Creative Writing Program students have been accepted into MFA and other graduate programs at top universities around the country. And they publish their work in nationally-distributed magazines, win awards, have their plays produced, and publish books.
Graduates in Creative Writing have found employment in various careers, including:
• Library Science
• Public Relations
What Graduates say about the Creative Writing Program
The CRW program at Le Moyne College not only disciplined me to write, and write a lot, immersing me in the craft of literary composition, but I also gained something of tremendous value, community. The culture of the creative writing program blessed me with dedicated teachers and peers who ultimately shaped my life.
– Tara Taylor, ’00, MFA in Poetry, North Carolina State University
Being a creative writing student at Le Moyne helped me to prepare for the confidence and out of the box thinking that one needs in order to be successful in law school. As a creative writing student, I acquired the ability to read critically and present my personal thoughts and opinions aloud, which are both vital skills for law school.
– Michelle McCabe, ’14, SUNY Buffalo Law School & recipient of the CALI Award (highest grade in research and writing class)
I came out of the program with new ways of self-expression, professors who are still more than willing to help with recommendations and feedback on my writing, and a set of teaching tools that I now use in private tutoring. It's more than I expected and I wouldn't trade my experiences in the program for anything!"
– Tamara Keeney, '08, Information Technology and Public Relations
I loved the creative writing program at Le Moyne College; it's where I really felt I came alive as a writer. I learned and grew through my classes and the encouragement of my professors, without which I would not have felt confident enough to pursue the next level.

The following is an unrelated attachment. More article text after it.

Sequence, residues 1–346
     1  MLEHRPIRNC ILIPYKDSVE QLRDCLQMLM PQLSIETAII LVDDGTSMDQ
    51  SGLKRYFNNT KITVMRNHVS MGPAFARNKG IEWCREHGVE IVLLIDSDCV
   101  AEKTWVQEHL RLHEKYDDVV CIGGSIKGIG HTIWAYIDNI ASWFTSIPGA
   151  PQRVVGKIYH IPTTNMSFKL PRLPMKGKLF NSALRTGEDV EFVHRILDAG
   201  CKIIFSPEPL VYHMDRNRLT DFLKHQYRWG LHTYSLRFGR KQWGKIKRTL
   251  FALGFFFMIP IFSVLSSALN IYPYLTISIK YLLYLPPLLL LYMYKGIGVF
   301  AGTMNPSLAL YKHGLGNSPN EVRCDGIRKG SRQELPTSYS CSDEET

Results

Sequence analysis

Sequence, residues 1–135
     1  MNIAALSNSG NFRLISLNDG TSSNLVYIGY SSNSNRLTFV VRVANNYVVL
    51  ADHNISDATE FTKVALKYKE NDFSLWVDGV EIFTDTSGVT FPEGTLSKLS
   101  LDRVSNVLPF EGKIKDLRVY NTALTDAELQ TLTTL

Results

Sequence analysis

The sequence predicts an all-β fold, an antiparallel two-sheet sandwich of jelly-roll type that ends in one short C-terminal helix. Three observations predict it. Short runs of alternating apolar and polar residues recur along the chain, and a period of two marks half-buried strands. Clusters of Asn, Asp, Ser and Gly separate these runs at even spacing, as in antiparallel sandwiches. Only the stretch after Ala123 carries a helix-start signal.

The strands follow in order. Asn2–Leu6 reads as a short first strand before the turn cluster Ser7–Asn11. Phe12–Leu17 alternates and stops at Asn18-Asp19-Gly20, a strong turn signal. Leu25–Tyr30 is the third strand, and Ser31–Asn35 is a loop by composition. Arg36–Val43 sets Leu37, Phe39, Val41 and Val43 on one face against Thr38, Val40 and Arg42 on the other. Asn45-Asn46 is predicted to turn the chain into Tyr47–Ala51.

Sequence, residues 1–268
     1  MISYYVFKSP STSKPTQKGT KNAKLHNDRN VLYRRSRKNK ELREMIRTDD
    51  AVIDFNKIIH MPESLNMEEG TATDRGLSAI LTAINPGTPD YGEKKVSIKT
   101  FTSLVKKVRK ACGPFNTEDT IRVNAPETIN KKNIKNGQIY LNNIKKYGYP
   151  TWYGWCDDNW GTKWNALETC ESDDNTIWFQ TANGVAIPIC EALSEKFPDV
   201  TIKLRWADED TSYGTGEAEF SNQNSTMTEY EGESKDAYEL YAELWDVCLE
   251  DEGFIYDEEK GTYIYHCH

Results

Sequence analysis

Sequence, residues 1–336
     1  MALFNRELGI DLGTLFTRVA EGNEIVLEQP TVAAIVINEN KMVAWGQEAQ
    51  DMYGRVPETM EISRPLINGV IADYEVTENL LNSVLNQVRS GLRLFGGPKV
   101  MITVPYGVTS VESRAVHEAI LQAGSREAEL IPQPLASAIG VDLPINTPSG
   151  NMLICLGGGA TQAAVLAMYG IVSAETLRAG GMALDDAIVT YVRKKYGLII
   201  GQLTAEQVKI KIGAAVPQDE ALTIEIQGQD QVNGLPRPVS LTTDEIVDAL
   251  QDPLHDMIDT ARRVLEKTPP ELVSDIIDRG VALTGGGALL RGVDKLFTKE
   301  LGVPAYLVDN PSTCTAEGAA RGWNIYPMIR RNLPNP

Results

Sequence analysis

– Kelly Addams, ’09, MFA in Fiction, Emerson College
I learned to write poetry, fiction, plays, and screenplays, and most importantly, I learned how to use the knowledge…of how to write in one genre to strengthen my writing in others. I see things every day in screenwriting that I learned by studying poetry, fiction, and plays at Le Moyne.
– Joe Bates, ’14, MFA in Screenwriting, DePaul University
My creative writing courses taught me how to use the power of language and images to impress and convince. As Hemingway said, "You don't need big words to create big emotions."
– Hannah Wilder ’14, Career in Advertising
I knew I'd be at home in the program before I even got here; I didn't know that I'd fall in love. Because of creative writing at Le Moyne, I wrote a novel, edited a literary journal, made best friends, met influential authors, and learned the meaning of living meaningfully. Now I'm in grad school, teaching, and writing. In other words, my dreams came true.
– Ashley O’Mara ’11, doctoral candidate, Syracuse University
How do I join the Creative Writing Program?
Students join the program by declaring a creative writing concentration (if an English major) or a creative writing minor (if a major in another department). In either case, the requirements are the same: 4 writing workshops and 1 literature course.
The Creative Writing Program enables English majors with a concentration in Creative Writing and Creative Writing minors to become writers and critics of poetry, fiction, plays, nonfiction, and scripts through participation in writing workshops and individual tutorial sessions with instructors, and through the study of contemporary writing and traditional literature.
Students who take the Creative Writing concentration should be able to:
- create and revise successive drafts of their own imaginative writing (poetry, fiction, creative nonfiction, plays, film scripts and/or new or hybrid forms such as the prose poem)
- employ techniques and strategies appropriate to imaginative writing in one or more genres (or a hybrid genre). For example a student poet might demonstrate facility with metaphors, sound patterns, enjambment; a fiction writer might do so with dialogue, plot development, flashback.
- express reasonable, balanced opinions of peer writing during class workshop discussion, along with constructive suggestions for revision
- complete and organize a manuscript of fiction, poetry, creative nonfiction, tv or film scripts, plays, or works in new or hybrid genres (such as the prose poem). This manuscript can consist of a single work or multiple works that demonstrate professional presentation of the creative writing, appropriate to the genre(s) represented. As a whole the manuscript should be correctly formatted and free of errors – of a quality that could be submitted to a professional journal for publication. Manuscript length will vary according to genre and instructors’ individual requirements.